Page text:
Microphone Alternatives for the iPhone

In this article I test several microphones for use with an iPhone 6 with applications like FaceTime, Skype and Google Hangouts. The basic workflow is the same. I connected the microhones to my iPhone 6, then opened a Google Hangouts chat with my MacBook Pro, then captured the audio using Camtasia. These audio files will sound worse than the audio files in my article Choosing a Microphone for Webinars because I recorded those files directly into Adobe Audition. Since the files tested here were compressed by Google Hangouts and transmitted to another computer for capture, there is some quality loss and some dropout. 

You’ll get the most out of these comparisons using headphones. Note that it might take a few seconds for all the audio files to load. This page uses QuickTime, which Google Chrome has decided is the digital equivalent of some rare tropical disease. I found Safari the best browser for playing these files. 


   This is the microphone on the iPhone 6 recorded from normal FaceTime distance of about 18 inches. Audio isn’t terrible, but you can hear the faint echo-y sound you get with microphones that far away from your mouth. The volume is also a bit faint. 


This is the microphone on the headset that ships with the iPhone; I had to borrow this back from my daughter. Sound quality is actually pretty good, about the loudest of all tested solutions, and very natural. Because you’re using a headset, you avoid any potential feedback problem. Not bad for a free solution. 


This is the Plantronics M50 (~$30) Bluetooth headset. The audio definitely sounds processed, but it’s crisp and clear. Again, there’s no risk of feedback because the microphone never hears that audio.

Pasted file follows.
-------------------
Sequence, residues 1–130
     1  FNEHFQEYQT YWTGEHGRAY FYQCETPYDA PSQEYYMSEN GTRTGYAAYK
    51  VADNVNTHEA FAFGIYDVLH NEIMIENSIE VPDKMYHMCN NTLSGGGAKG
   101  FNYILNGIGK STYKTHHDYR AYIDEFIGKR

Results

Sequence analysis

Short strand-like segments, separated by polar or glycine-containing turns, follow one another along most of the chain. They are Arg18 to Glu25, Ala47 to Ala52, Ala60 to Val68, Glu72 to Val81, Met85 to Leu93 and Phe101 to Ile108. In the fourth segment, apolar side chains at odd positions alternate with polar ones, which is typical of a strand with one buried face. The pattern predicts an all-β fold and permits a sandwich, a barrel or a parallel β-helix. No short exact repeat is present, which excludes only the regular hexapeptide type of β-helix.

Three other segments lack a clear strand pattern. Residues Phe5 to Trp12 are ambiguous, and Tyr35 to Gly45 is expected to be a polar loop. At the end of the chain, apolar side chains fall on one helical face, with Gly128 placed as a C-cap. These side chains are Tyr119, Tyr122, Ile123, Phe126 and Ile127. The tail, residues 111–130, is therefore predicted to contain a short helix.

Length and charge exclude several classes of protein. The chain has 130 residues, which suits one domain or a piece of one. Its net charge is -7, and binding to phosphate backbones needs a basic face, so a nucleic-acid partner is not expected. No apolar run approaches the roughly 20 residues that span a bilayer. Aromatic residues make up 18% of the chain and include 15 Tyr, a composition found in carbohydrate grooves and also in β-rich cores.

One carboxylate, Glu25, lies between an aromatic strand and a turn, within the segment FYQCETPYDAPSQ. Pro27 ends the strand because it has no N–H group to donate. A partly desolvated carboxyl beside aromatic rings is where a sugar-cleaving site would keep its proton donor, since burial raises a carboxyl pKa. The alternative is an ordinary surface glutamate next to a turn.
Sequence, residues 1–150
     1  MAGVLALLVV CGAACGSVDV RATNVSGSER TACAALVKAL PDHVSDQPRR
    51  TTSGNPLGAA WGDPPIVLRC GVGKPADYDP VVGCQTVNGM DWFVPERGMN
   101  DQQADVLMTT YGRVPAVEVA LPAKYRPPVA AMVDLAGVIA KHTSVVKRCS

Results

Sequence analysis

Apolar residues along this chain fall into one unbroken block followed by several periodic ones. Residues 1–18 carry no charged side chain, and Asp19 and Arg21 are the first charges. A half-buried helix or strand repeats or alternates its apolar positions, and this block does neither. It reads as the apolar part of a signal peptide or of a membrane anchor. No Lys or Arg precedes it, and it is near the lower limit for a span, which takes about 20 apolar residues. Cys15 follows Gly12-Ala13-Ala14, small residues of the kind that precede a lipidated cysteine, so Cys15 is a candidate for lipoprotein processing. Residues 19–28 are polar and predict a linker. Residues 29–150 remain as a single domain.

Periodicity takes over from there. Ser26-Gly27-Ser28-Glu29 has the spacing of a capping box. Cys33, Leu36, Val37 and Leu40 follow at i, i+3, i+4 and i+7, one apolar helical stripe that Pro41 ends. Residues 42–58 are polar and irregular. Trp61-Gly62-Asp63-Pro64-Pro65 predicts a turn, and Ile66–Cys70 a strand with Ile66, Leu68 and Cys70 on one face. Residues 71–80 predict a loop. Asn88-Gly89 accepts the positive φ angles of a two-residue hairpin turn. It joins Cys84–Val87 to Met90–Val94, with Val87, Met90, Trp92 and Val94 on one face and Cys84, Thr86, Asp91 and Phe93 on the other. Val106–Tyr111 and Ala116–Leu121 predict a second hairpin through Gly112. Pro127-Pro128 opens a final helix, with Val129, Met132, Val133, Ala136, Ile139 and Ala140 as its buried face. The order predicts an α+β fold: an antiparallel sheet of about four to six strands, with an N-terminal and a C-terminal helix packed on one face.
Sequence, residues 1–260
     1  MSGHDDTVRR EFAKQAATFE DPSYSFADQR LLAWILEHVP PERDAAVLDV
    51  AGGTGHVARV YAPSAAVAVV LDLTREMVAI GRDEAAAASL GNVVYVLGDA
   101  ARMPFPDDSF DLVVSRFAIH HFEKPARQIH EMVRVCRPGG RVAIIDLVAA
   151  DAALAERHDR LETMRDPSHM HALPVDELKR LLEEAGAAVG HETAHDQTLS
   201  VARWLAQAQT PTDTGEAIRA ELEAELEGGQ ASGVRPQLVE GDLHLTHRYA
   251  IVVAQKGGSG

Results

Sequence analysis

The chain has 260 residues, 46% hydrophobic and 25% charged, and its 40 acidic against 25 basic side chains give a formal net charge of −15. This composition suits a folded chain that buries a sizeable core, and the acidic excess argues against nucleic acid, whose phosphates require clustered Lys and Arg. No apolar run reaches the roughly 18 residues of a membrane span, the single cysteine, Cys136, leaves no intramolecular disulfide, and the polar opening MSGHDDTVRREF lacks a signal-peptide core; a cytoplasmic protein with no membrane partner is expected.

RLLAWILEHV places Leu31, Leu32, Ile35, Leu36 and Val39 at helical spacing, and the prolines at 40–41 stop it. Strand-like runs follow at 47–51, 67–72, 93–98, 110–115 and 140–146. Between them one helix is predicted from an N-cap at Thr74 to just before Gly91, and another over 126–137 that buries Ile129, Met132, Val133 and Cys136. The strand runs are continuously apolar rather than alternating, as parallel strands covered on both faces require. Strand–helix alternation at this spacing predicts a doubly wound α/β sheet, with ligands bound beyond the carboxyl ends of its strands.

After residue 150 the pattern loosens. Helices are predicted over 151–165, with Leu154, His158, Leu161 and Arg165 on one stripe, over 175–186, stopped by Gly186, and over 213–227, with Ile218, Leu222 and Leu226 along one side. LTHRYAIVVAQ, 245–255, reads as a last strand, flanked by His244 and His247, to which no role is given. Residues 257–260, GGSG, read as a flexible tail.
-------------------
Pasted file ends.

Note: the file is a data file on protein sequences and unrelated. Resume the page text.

This is the Audio-Technica ATR3350 lavaliere microphone recorded via a microphone adapter cable. The audio is a bit faint, but quite clear. 

I bought this microphone before Audio-Technica started offering it with an iPhone adapter (the device atop the image on the left) and bought an adapter cable for my tests. The adapter cable worked fine, but didn’t have a headphone jack so is unusable for conferencing. If you have the ATR3350, note that it will not work without an adapter. 



This is the AKG-C444 condenser headset microphone, which costaround $170 when new but is no longer sold. I’m driving it with an IK Multimedia iRig PRE which costs $34 at Amazon. 

This was not a match made in heaven. The audio sounds distorted and there was lots of dropout. Not a solution that I would recommend. 



This is the Shure SM93 (about $150), a condenser lavaliere microphone also driven with the IK Multimedia iRig PRE which costs $34 at Amazon. Sound quality was quite good, with none of the distortion and dropout experienced with the AKG head worn microphone. 

The iRig comes with a headphone jack so you can plug in a headset or ear buds to listen in. Not a bad solution, but certainly the most expensive and ungainly, and the audio quality isn’t that much better than several cheaper solutions. 

After multiple listens, I have several conclusions. First, FaceTime will work best if you don’t use the embedded microphone. The included headset with microphone is a good solution, and my next favorite is the ATR3350, though you might have to speak up a bit to get heard. Make sure you buy the version with the iPhone adapter, it won’t work without it. 

The Plantronic headset is certainly superior to the iPhone’s embedded microphone, and I’m guessing most other Bluetooth headsets are as well. So, if you have a headset, I wouldn’t buy the ATR3350. 

The IK iRig was slightly disappointing to me; while inexpensive, I was expecting better quality. I’m sure it works great recording directly into the iPhone, but when using Google Hangouts, the audio compression really degraded audio quality so it wasn’t substantially better than the other alternatives. 

About Jan Ozer

I help companies train new technical hires in streaming media-related positions; I also help companies optimize their codec selections and encoding stacks, and evaluate new encoders and codecs.

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